The observations above show that the USP7-CTD is sufficient to promote DNA binding by p53 in vitro and p21 expression in cells, suggesting that the USP7-CTD contributes to transcriptional activation by p53. To test this more directly, we cotransfected H1299 cells with a reporter plasmid in which expression of the luciferase gene is under control of the p21 promoter, along with a p53-expression plasmid or corresponding empty plasmid (Figure 4C). The reporter construct alone or the p53 expression vector alone showed minimal to no luciferase activity, while expression of p53 with the reporter construct gave luciferase activity above background. However coexpression of USP7-CTD with p53 resulted in a 5-fold increase in luciferase activity, indicating that the USP7-CTD can stimulate p53 transactivation from the p21 promoter.

Discussion

The DNA-binding ability of p53 is critical to its function as a transcription factor and thus as a tumor suppressor. The significance of sequence-specific DNA binding for p53 tumor suppressor function is highlighted by the substantial number of tumor-associated mutations in the core DNA-binding domain [35]. An important determinant of DNA binding by the core domain is the autoregulation of this activity by the C-terminal regulatory domain of p53. The C-terminal domain is heavily modified post-translationally and these modifications affect the ability of p53 to bind DNA [36], [37]. Here we propose that binding to the ubiquitin specific protease, USP7, is yet another means of regulating this property of p53.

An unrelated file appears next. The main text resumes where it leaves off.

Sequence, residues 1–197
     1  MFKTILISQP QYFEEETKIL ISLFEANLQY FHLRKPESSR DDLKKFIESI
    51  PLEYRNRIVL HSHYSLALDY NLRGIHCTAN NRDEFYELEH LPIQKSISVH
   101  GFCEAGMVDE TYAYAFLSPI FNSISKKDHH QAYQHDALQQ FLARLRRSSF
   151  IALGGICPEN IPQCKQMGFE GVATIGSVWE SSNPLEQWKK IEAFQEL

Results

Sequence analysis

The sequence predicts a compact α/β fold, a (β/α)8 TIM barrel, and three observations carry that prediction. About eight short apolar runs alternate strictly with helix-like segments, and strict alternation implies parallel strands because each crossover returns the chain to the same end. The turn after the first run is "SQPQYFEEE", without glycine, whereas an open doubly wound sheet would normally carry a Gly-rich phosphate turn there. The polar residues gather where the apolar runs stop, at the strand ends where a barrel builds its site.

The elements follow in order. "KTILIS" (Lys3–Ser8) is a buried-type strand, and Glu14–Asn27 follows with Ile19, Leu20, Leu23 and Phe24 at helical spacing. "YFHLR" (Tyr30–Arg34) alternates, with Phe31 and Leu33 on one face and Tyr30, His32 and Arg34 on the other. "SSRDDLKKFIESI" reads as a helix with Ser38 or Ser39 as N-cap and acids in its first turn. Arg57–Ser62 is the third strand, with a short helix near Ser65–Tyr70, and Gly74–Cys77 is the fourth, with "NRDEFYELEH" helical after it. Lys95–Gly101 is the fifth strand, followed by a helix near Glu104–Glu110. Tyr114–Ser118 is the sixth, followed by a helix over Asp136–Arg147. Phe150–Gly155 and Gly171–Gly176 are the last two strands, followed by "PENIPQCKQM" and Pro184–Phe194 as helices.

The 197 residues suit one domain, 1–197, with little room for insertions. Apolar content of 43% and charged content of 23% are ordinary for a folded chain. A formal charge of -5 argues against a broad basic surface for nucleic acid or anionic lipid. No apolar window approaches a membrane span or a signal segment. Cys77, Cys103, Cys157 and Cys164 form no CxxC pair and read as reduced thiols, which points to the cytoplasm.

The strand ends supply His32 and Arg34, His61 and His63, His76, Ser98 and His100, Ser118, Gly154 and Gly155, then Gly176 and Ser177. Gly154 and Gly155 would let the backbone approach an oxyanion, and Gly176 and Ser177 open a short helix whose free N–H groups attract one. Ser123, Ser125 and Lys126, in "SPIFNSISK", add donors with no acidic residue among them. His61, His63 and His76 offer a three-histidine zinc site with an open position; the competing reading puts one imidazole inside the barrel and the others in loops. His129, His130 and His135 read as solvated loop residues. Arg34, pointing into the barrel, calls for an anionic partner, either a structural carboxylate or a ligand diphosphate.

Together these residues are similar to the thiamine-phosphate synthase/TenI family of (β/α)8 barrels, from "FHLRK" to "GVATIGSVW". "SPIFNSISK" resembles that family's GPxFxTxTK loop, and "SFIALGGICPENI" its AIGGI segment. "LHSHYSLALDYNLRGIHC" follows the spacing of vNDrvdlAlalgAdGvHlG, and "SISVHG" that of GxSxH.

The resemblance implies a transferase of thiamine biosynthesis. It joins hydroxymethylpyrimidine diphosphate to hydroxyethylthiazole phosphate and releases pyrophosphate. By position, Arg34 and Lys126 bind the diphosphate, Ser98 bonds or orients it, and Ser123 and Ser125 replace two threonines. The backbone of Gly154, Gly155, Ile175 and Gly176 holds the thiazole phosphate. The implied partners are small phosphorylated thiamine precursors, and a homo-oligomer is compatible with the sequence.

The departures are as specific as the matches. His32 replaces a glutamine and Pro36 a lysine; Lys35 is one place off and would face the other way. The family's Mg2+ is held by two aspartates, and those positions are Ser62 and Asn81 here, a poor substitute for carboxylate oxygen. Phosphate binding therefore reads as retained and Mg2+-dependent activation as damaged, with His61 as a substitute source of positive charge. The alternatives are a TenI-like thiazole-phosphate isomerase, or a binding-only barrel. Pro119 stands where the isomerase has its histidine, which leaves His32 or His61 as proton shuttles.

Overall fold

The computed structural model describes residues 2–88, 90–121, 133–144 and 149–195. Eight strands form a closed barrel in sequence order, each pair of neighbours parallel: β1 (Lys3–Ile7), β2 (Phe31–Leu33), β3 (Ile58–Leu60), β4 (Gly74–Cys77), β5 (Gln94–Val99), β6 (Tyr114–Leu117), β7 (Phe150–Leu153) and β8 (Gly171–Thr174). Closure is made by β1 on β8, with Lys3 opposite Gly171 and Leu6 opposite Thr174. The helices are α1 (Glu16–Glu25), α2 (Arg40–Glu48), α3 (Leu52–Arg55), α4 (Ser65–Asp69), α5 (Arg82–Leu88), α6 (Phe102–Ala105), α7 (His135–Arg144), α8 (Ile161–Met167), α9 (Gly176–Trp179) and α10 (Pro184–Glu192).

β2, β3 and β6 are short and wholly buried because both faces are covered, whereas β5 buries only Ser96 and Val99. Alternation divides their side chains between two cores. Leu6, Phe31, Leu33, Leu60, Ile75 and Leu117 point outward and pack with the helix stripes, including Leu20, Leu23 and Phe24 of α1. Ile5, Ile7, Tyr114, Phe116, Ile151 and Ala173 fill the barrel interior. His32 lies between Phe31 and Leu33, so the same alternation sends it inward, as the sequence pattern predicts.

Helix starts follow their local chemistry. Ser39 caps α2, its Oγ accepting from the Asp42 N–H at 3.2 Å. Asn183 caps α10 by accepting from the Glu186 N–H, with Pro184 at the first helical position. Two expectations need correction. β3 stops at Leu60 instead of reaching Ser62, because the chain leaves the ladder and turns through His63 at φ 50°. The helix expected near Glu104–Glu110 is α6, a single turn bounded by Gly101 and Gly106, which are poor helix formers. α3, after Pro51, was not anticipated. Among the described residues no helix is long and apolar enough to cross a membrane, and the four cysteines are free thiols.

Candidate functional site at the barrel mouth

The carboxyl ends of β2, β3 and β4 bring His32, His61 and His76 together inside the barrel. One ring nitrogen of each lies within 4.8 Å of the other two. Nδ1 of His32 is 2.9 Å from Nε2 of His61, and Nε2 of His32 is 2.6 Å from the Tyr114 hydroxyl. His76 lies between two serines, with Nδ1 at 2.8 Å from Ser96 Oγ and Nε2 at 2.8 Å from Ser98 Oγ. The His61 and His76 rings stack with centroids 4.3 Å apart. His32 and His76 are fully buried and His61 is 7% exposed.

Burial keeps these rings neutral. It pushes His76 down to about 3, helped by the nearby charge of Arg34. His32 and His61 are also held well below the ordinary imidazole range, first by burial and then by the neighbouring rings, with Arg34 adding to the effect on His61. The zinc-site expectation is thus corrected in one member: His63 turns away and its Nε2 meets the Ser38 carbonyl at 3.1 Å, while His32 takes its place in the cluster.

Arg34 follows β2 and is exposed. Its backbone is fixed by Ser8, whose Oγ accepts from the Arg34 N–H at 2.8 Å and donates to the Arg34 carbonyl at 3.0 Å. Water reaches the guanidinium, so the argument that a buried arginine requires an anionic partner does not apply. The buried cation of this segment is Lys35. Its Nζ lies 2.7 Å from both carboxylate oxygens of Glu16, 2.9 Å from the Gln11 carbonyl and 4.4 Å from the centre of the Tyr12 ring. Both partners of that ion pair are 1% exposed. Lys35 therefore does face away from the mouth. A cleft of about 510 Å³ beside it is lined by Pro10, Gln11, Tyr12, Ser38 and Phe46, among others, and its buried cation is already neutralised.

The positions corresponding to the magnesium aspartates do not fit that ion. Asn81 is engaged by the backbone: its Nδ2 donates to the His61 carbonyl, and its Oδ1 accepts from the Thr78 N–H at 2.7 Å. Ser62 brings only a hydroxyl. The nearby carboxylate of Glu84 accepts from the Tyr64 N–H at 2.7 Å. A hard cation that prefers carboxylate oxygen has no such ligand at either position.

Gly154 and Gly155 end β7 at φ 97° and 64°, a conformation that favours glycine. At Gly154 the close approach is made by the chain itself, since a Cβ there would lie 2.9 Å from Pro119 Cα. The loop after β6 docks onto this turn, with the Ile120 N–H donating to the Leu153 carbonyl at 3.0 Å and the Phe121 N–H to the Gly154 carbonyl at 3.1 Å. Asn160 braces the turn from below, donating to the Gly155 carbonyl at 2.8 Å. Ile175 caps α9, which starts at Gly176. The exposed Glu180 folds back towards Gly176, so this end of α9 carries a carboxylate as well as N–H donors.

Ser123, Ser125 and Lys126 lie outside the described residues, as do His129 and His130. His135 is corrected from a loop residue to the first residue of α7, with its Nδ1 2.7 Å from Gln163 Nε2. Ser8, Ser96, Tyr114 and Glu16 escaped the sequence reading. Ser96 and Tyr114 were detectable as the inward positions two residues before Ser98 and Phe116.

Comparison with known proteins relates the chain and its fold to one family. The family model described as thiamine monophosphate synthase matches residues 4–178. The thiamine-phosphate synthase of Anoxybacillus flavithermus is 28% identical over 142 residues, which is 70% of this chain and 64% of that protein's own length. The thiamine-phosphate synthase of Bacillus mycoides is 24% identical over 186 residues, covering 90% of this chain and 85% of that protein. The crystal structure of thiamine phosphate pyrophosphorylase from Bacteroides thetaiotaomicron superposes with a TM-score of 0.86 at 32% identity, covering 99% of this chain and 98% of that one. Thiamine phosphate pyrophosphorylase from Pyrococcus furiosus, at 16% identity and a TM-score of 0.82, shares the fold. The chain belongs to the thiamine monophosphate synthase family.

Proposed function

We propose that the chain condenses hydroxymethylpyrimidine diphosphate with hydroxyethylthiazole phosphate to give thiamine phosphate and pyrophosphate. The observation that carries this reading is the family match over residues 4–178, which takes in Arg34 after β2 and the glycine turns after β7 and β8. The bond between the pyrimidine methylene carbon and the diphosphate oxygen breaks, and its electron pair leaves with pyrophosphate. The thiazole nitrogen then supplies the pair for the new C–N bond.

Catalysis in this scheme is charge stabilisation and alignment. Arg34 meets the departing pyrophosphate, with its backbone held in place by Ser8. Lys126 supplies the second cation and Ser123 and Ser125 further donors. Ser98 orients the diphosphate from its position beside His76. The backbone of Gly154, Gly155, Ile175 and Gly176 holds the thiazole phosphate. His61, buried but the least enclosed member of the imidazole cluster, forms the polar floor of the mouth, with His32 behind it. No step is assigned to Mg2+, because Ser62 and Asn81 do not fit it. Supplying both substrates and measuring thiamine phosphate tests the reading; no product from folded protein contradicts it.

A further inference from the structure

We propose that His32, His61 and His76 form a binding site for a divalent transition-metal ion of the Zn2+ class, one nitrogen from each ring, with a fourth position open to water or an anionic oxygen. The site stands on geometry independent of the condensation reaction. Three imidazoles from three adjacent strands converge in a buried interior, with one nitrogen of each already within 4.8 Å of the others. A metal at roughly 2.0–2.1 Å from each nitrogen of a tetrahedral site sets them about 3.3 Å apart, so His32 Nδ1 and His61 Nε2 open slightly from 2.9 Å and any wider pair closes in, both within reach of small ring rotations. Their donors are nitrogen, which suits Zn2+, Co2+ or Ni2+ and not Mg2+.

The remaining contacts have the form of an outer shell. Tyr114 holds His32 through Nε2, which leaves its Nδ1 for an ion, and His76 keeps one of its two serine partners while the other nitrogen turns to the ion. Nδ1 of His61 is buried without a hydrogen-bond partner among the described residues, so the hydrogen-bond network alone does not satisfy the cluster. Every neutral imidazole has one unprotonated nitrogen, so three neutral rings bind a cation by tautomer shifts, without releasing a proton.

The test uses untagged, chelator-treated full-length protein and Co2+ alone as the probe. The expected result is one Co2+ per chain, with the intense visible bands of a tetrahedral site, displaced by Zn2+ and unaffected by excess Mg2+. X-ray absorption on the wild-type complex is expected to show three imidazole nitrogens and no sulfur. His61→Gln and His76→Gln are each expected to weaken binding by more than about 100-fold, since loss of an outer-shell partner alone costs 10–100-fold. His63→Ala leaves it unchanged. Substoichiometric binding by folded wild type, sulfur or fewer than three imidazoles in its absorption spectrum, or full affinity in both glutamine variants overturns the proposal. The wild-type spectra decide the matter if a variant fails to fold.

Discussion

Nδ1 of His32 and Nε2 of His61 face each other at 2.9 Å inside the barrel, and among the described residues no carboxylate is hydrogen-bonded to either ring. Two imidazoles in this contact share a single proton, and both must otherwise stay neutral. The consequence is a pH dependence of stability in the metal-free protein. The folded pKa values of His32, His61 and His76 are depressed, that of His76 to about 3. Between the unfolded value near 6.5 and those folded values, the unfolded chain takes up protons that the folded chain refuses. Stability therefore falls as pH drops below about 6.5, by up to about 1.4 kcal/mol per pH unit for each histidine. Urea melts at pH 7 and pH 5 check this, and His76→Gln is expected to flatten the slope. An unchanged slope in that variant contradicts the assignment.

Full length p53, with the core DNA binding domain and the C-terminal domain intact, is referred to as the latent form, since it shows poor sequence-specific DNA binding in in vitro binding assays. This effect is attributed to autoinhibition of sequence-specific DNA binding by the C-terminal domain due to increased DNA sliding [20], [21]. Incubation of latent p53 with USP7 in EMSAs stimulated sequence-specific DNA binding by latent p53, suggesting that USP7-binding can reverse this autoinhibition. DNA binding by a C-terminal deletion mutant of p53, p5382–360, which lacks the USP7 binding sequences, was not stimulated by USP7, suggesting that binding to USP7 is required for this effect. The observation that USP7 stimulates sequence-specific DNA binding by p53 through interaction with the C-terminal regulatory region of p53 further support the notion that this region of p53 is a positive regulator of p53 DNA-binding and p53 function [20]. Since the p53 regulatory region contributes to DNA interactions by increasing the sliding of p53 on DNA and such sliding has been suggested to result in decreased detectable binding to short DNA fragments (such as used in our in vitro studies), it is likely that USP7 interactions with p53 C-terminal sequences result in decreased DNA sliding [20].